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Should other people do what we want them to do? Why should they? Expectations are resentments waiting to happen.
Should past performance indicate how a person should act and feel in the future? Are we responsible for our own behavior?
Aikido gives us a chance to physically explore those ideas. Ukes are gonna uke. An uke is who they are on any given day. If I "expect" an uke to be a certain way I have stepped out of my center and into the mind. By paying close attention to my uke I can guide the technique and come to a resolution. There is no room for "should haves" or "could haves" in the now.
Uke will do their best at each particular moment as regular people in the world do their best with the circumstances of the day. Me expecting others to behave in a certain way is as futile as me expecting uke to be different.
By accepting what happens I can deal in each moment, gather information for future choices and move on
Ukes can be stiff and sore, cranky and unwilling. They can fall too early and resist illogically. Each uke gives us another chance to meet ourselves. People can be mean, unreasonable and demanding…providing us again with the chance to meet ourselves and develop into strong, versatile humans with compassion for others even as we learn to defend ourselves.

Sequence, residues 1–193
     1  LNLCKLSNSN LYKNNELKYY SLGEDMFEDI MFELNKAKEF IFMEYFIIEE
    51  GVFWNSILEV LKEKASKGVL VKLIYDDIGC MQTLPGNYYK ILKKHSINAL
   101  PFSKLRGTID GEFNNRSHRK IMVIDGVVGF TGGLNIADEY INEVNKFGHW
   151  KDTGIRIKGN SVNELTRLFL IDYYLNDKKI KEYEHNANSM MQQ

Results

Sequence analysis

We can cast off what we know and become who we are meant to be.
Everyone should train in aikido. All this energy wasted on (fill in the blank here with fitness fad of the day) does not make one aware of their surroundings. It does not teach you how it feels to be grabbed and it does not offer you any solutions to conflict.
How does Zumba make you safer and how does golf add to your tool kit in a conflict situation? Okay, golf makes you familiar with a handy weapon…but have you ever thought about using it a self-defense option?
Now I am not saying that golf, yoga or dance training is bad…not at all. What I am saying is the world is not safe and we could all use aikido training.
One young woman trained with us for several months before she went off to travel in Europe for a semester. She was never going to be a lifelong aikidoka but her training helped her. She was on a train in Amsterdam alone at night with just one other person, a strange man. That man approached her; as he leaned into to grab her with a lecherous comment she put her foot in his stomach and pushed…he staggered back and she scooted out of that car into the next where there were other people. Safe.
Could she have done this without aikido training…maybe but would she have given herself permission to follow the little voice in her head?
I know we can't visit every kind of conflict that happens to humans…but we can train in an art that allows us the opportunity to feel what it feels like to grabbed, pushed and be really uncomfortable.
We can support each o